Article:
Sunday 25 February 2018

Italy's richest regions go to the ballot box in attempt to curb power of Rome

'The referendums have been inspired, in part, by the independence votes in Scotland and Catalonia.' (stock photo)
'The referendums have been inspired, in part, by the independence votes in Scotland and Catalonia.' (stock photo)

Nick Squires in Rome

For centuries, it was an independent kingdom ruled by a fierce tribe of warriors who swept across the Alps from central Europe.

Now Lombardy, one of Italy's richest regions and home to Milan, the country's finance and fashion capital, has a chance to claw back a little of that long-lost autonomy.

The region, along with neighbouring Veneto, which has an equally distinguished history of independence, will vote in a referendum today on whether to hold back money from the government in Rome and assume more responsibility in areas such as infrastructure, migration and education.

The referendums have been inspired, in part, by the independence votes in Scotland and Catalonia.

Campaigners from Veneto travelled to Barcelona at the time of the Catalonia referendum, waving flags depicting the winged lion of St Mark - the ancient symbol of Venice.

But there are precedents closer to home, too - five Italian regions, including Sardinia, Sicily and the partly German-speaking area of Trentino-South Tyrol, have enjoyed a high level of autonomy from Rome since 1946, when the constitution was drawn up.

Even the most ardent supporters of the referendums insist that this is not about independence or secession - it is purely a call for greater autonomy.

"This is not in any way about separating these regions from the rest of Italy," said Giovanni Orsina, a professor of politics at Luiss University in Rome. "There is a danger that the referendums will remind people in the north how unhappy they are with Rome."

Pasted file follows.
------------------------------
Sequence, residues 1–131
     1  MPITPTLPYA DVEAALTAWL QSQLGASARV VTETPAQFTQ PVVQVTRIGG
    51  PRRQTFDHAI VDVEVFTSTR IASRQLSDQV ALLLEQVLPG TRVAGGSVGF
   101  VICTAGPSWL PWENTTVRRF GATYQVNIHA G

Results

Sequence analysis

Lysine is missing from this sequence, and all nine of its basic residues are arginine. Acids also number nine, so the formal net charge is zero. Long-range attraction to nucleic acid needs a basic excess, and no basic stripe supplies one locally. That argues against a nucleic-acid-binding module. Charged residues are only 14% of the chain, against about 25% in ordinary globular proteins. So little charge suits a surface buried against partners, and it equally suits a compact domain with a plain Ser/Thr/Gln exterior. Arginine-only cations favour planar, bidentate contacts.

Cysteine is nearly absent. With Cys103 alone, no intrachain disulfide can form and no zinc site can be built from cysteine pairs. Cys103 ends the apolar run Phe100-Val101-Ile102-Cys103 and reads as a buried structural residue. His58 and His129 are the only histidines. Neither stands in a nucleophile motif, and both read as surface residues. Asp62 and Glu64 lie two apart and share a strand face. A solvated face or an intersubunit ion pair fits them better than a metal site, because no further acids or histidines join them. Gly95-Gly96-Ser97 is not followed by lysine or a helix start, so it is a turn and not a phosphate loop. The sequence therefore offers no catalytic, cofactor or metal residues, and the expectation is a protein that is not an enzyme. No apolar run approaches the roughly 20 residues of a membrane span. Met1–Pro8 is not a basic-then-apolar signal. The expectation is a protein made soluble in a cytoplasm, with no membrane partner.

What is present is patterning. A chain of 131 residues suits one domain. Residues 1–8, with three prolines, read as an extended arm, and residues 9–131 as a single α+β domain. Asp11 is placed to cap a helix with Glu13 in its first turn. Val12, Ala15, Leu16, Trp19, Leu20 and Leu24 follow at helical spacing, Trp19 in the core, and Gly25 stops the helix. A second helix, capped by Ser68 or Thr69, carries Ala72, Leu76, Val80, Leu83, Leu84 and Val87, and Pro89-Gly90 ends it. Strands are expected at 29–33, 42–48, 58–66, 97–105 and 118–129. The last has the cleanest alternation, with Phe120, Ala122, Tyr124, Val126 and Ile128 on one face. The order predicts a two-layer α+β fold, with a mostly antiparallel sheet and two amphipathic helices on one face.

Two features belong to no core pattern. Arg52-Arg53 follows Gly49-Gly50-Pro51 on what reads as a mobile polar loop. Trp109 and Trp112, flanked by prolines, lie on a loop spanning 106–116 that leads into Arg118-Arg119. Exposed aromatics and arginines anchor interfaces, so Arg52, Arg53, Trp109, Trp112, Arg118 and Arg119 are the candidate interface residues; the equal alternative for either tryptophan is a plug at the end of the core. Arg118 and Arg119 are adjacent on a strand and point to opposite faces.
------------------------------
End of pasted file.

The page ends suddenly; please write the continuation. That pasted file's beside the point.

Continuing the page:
Unlike the Catalan vote, which was ruled illegal by the Spanish government, the referendums are permitted by the Italian constitution, but they are not legally binding.

They are seen as a means by which the conservative Northern League, which controls both regions, can flex its muscles ahead of a general election.

But the League faces a balancing act - its push to keep more money in the pockets of northerners will erode its efforts to attract votes in the south. The general election must be held by May, with speculation that March 4 could be chosen.

Roberto Maroni, the president of Lombardy and a senior figure in the Northern League, claims that his region pays €54bn more in taxes to Rome each year than it receives from the government.

Veneto has similar complaints - the region, which includes Venice, sent €15.5bn more to Rome than it got back in public services last year.

The country was not unified as a modern state until 1861 and many Italians still speak their local dialect as their main language, as well as Italian.

A win for the yes vote would be a big challenge to the authority of Rome - Lombardy and Veneto are economic powerhouses that account for a third of Italy's GDP.

©Telegraph

Sunday Independent

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